In episode 179 of the SF Signal Podcast, Patrick Hester assembles a panel to discuss something that came up in a recent critique group meeting.
A month ago, I attended a critique group meeting. One of the submissions was a scifi piece that elicited a 25 minute debate on how kinetic energy and the concussive blasts from exploding rockets would ‘really’ impact a telekinetic sphere and whether or not people inside that telekinetic sphere would be turned to mush as a result.
Which caused me to quip, “This is why most of my stuff is fantasy. Tell the reader your characters traveled from the Earth to Mars in the blink of an eye and they will demand you give them every little detail of the science behind how your FTL works or else they won’t believe it. Or you can say, ‘the Wizard raised his hands, a fireball formed and he threw it at the enemy’ and the reader will go, ‘Cool!’ and accept it.”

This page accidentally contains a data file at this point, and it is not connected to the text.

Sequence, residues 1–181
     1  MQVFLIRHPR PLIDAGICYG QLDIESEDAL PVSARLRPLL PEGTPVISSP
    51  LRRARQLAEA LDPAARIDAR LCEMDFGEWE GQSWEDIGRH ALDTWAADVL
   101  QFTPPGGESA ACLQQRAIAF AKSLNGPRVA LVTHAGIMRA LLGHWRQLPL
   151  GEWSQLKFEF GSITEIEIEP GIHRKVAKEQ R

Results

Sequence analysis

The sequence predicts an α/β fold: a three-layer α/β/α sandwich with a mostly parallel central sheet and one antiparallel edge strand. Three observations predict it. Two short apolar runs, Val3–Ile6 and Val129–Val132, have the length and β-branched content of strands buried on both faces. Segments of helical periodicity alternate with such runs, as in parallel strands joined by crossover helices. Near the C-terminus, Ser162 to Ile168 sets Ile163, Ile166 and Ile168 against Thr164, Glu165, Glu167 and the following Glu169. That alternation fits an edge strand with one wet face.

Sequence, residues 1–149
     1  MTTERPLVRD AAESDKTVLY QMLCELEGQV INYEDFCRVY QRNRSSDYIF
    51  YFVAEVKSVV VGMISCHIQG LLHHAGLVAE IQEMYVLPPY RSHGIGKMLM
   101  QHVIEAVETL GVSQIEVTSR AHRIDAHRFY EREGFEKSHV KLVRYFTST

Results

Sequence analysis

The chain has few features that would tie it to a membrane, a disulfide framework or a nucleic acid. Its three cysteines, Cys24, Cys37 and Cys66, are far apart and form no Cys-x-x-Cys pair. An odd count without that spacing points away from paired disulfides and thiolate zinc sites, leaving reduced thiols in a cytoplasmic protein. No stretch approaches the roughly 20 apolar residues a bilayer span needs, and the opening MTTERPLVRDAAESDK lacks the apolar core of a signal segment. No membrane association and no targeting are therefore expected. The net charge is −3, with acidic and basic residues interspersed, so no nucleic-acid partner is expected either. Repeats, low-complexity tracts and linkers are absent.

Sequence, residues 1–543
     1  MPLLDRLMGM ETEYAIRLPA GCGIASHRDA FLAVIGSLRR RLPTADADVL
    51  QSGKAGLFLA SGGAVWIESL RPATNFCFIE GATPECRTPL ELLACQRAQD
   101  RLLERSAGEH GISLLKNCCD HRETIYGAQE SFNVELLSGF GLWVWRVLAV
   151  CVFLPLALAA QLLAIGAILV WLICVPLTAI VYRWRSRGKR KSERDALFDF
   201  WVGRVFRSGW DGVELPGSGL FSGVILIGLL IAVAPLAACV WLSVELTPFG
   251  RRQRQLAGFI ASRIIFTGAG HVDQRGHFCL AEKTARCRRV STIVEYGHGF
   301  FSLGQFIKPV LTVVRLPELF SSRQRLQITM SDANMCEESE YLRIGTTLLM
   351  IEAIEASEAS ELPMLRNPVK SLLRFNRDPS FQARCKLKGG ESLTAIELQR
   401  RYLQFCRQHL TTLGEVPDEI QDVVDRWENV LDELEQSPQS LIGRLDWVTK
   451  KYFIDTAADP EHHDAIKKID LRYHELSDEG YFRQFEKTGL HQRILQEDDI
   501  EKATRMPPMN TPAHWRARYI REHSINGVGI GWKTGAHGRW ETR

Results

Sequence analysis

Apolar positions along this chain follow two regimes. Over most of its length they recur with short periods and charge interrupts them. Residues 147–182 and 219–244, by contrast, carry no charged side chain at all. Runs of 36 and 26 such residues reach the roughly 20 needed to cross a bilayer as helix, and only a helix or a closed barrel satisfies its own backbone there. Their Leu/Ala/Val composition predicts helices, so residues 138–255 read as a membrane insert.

(this got some laughs)
The gist was that a fantasy reader is more willing to accept the impossible versus the science fiction reader – because of the ‘science’.
I asked our panelists what they thing. Do science fiction readers expect more logic and for the science to ‘make sense’ versus the fantasy readers? Are fantasy readers more ready to accept magic over science fiction? Yes, magic in fantasy has to have rules and the author cannot break those rules, but are the rules less important in fantasy versus science fiction?
This week’s panel:
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